Homestead, Florida is a remarkable place. I wrote about my dad’s 1992 visit to Homestead following Hurricane Andrew, the third time the city had been decimated by hurricanes. As this resilient city has since recovered following Andrew 28 years ago, my visits have been very different.
Homestead is home to the Homestead Air Reserve Base, and located between two national parks, Biscayne to the east and Everglades to the west. In addition to access to these South Florida national parks, it is also gateway to the Florida Keys. U.S. Highway 1 runs from the Canadian border in Maine 2369 miles down to Key West, the southernmost point of the continental Unites States. Homestead is right along this major north-south route.
On the drive down to the Everglades, I noticed the sign along the 9336 for a winery. I couldn’t make out the name as I was focused on the road, but my interest was piqued. Living in California, I have been to a few wineries, but I’ve never visited one in Florida. In truth, until this trip, I hadn’t associated Florida with grape-growing or winemaking; however, I have since learned that Muscadine grapes are native to Florida, and with the fertile soil and abundance of heat and water, many tropical fruits also grow well. This is perfect for vinifying some delicious fruity wines.
I paid a visit to the Schnebly Redland’s Winery and Brewery. Located five miles from Route 9336 in the middle of the agricultural fields, it is a bit off the beaten path, but it is definitely worth checking out. The Schnebly winery was the first to create wines using only tropical fruits, combining flavors of lychee, guava, carambola, and mango. There is even an avocado wine, their unique AvoVino. The brewery, Miami Brewing Co., boasts brews that are ‘vacation in a beer.’ Most of their offerings are lighter beers such as their golden “Shark Bait Mango Wheat” and “Beachy Lychee” ale-juice blend. There is one dark brew, a chocolate coffee flavored American brown ale called “Gator Tail.” Schnebly’s offers both wine and beer tasting flights. The wine flight includes five pours and a souvenir glass, the beer flight is four pours and a favorite pint to finish. The outside dining area features tiki huts and a lush tropical waterfall scene. While there, I picked up a bottle of the Schnebly Beach Rose to bring home. This dry sweet wine has flavors of guava and citrus, with light floral notes. We’ll see if it actually makes it home.
Robert Is Here is a popular, family owned and operated fruit stand on the side of Highway 9336. I stopped here in hopes of finding some sugar cane, unfortunately it wasn’t the right season for it. Nevertheless, I was glad I stopped. Robert Is Here has an extensive selection of tropical fruit milkshakes and smoothies, along with a variety of jams, dressings, and hot sauces. Fresh fruit, vegetables, and herbs are largely locally grown and can change daily. I opted not to pick up any fruit. It would have been nice to bring home some key limes, however there are restrictions on bringing produce into California from other states, and all citrus are on the prohibited list. Instead, I bought some jalapeno jelly for my guys and a key lime milkshake to enjoy on the drive back to Miami. The shake was delicious! The sharp tartness of the key limes gave way to a creamy sweetness and made for a nice afternoon treat.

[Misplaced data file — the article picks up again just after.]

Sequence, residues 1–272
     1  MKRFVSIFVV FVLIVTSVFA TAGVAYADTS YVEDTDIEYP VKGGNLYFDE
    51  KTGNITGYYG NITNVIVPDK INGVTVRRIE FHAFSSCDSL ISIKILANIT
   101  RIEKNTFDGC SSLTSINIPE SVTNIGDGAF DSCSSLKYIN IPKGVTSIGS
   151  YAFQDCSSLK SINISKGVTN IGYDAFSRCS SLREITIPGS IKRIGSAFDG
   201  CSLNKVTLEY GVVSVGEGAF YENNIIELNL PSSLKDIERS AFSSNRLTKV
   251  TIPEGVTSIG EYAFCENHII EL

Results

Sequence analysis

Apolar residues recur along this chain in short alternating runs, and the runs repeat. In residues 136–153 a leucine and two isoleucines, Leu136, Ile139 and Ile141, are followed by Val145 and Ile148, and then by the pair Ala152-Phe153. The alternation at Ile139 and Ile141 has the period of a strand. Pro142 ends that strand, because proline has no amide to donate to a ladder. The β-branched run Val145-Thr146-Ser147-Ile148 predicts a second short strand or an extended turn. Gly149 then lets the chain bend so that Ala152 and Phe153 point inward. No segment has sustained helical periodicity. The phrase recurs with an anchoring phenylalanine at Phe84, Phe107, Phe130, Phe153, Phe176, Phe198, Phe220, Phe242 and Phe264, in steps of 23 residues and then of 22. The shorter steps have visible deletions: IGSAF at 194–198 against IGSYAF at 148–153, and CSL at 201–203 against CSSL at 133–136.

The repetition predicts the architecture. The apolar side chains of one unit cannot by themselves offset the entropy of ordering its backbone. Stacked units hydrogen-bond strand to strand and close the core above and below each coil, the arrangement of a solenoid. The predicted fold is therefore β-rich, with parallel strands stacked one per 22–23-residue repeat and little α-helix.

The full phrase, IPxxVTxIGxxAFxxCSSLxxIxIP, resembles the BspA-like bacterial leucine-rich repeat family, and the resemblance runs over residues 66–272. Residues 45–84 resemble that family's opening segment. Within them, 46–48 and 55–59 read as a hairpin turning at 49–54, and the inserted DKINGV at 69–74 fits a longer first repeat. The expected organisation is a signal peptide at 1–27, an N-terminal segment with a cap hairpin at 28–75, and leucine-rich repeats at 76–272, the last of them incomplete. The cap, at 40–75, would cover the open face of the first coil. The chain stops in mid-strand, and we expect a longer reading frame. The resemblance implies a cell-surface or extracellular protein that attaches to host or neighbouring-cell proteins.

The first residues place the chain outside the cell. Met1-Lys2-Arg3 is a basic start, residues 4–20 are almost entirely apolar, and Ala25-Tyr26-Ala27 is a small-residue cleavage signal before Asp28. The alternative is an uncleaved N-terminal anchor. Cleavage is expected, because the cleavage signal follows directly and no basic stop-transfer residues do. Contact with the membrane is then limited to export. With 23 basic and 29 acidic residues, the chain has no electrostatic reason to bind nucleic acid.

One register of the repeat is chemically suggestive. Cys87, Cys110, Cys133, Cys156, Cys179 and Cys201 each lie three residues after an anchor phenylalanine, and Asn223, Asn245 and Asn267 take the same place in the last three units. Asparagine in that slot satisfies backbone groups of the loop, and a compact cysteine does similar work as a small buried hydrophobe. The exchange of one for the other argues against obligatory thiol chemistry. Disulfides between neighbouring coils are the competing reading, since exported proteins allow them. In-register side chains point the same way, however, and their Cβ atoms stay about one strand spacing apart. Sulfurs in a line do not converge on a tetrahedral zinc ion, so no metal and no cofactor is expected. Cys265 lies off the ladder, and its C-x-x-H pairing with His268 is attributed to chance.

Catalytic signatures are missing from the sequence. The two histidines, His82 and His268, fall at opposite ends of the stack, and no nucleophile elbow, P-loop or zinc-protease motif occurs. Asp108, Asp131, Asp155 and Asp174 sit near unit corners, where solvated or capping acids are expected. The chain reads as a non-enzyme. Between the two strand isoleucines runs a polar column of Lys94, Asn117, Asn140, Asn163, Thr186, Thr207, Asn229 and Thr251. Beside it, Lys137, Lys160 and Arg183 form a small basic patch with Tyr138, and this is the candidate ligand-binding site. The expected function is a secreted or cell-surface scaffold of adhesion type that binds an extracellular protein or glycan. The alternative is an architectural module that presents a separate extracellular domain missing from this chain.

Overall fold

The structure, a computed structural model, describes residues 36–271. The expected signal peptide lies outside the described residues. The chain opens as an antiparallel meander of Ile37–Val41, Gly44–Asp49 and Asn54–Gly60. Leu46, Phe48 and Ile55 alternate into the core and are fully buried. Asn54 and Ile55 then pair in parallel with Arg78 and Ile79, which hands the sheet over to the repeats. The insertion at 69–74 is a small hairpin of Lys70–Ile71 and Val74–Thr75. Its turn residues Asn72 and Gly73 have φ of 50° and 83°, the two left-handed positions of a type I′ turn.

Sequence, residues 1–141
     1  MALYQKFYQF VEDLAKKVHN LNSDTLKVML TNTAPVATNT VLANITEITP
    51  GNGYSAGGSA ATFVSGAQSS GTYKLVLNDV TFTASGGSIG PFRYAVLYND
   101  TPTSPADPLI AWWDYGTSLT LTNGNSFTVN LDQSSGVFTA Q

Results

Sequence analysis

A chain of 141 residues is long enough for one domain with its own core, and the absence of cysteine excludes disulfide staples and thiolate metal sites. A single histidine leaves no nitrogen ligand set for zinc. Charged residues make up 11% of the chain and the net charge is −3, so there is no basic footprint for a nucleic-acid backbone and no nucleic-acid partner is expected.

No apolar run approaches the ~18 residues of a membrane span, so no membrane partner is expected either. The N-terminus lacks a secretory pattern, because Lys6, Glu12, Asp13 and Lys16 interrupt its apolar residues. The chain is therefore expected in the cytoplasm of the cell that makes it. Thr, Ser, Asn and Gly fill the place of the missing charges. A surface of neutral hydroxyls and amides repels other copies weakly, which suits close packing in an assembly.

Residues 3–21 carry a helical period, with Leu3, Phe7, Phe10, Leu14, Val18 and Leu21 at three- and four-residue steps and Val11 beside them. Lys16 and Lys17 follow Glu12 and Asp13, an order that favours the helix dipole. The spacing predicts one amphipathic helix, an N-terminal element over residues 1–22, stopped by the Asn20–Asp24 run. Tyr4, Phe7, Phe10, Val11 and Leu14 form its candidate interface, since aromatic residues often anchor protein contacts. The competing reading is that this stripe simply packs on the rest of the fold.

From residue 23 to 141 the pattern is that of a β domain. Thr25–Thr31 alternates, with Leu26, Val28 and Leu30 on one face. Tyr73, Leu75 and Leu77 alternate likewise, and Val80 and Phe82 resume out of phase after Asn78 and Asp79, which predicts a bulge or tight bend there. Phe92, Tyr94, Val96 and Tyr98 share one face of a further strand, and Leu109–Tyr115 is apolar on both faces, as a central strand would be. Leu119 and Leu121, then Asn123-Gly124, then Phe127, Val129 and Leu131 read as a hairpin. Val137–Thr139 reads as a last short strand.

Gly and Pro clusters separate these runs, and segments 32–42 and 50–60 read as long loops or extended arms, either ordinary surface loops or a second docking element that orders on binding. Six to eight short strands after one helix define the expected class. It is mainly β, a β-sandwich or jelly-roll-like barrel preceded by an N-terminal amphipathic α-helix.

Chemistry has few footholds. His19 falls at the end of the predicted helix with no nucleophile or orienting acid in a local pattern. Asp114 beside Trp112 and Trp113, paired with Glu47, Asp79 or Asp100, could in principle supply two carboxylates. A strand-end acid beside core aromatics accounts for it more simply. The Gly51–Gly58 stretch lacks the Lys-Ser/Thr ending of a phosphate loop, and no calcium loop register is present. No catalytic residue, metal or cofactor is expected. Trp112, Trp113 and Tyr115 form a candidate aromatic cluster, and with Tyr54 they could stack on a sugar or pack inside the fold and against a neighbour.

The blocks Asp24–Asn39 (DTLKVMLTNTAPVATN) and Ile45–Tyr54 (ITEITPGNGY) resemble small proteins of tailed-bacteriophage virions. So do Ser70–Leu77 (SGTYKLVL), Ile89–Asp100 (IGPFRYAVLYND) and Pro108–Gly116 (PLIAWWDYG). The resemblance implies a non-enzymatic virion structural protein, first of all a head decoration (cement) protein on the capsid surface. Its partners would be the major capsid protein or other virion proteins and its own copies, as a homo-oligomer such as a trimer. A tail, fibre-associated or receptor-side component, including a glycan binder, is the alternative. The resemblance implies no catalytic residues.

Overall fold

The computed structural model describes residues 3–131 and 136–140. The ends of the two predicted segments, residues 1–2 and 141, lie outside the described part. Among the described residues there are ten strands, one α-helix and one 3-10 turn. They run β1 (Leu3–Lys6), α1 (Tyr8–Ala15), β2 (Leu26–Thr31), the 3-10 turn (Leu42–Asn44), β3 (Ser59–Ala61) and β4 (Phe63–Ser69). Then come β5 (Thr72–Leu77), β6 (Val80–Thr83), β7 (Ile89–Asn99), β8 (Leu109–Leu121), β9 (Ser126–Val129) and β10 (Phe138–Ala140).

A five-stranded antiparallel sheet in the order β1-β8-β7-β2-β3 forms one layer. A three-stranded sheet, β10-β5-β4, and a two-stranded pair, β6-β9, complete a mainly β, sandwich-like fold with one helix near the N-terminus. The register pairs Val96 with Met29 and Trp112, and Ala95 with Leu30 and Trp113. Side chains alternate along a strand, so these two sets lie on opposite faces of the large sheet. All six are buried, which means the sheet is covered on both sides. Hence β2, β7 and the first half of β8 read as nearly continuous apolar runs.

After starting out as a small roadside fruit stand, Robert is Here is now a tourist attraction. There is a menagerie of birds, along with a play area and picnic tables. In normal circumstances, there would be live music on the weekends. On the Saturday I went, we were still in the middle of the Covid19 crisis, so the party atmosphere was much more subdued. Still the fruit stand was very popular and the line to place an order was really long. The employees were very friendly and knowledgeable about the day’s offerings. If you’re in Homestead and want some locally grown fresh fruit or need an after-Everglades snack, Robert Is Here is your stop.
There is more to do in this city whose major sources of income are agriculture and tourism. If you have the time, Miami-Dade County’s Fruit and Spice Park is a unique tropical park. This botanical garden is home to over 500 varieties of fruits, nuts, and spices of commercial importance. Admission is $10 for adults and $3 for children over six. The park is open from 9 am-5 pm everyday except Thanksgiving and Christmas.
I recommend a visit to Homestead when in the area, either as a day trip to explore the city, or as a side trip when on the way to the national parks. For me, it was a refreshing stop along our happy trails!
For more information, check out VisitFlorida.com.
Schnebly Wineries delivers to California, as well as Arizona, Missouri, North Carolina, New York, Texas, Wyoming, DC, and of course Florida. For wine tasting, reservation info, or ordering, visit Schnebly Redlands Winery.
The daily menu for Robert Is Here can be found online. Orders are placed in person, not online, but looking at the menu beforehand can make ordering faster, and keep you from going overbudget. At time of writing, service is drive thru only, thanks to the Covid, but you can get out and enjoy the picnic area if you’re eating your treats.
For more information and pretty photos of what’s in bloom at the Fruit and Spice Park, visit RedlandFruitandSpice.com.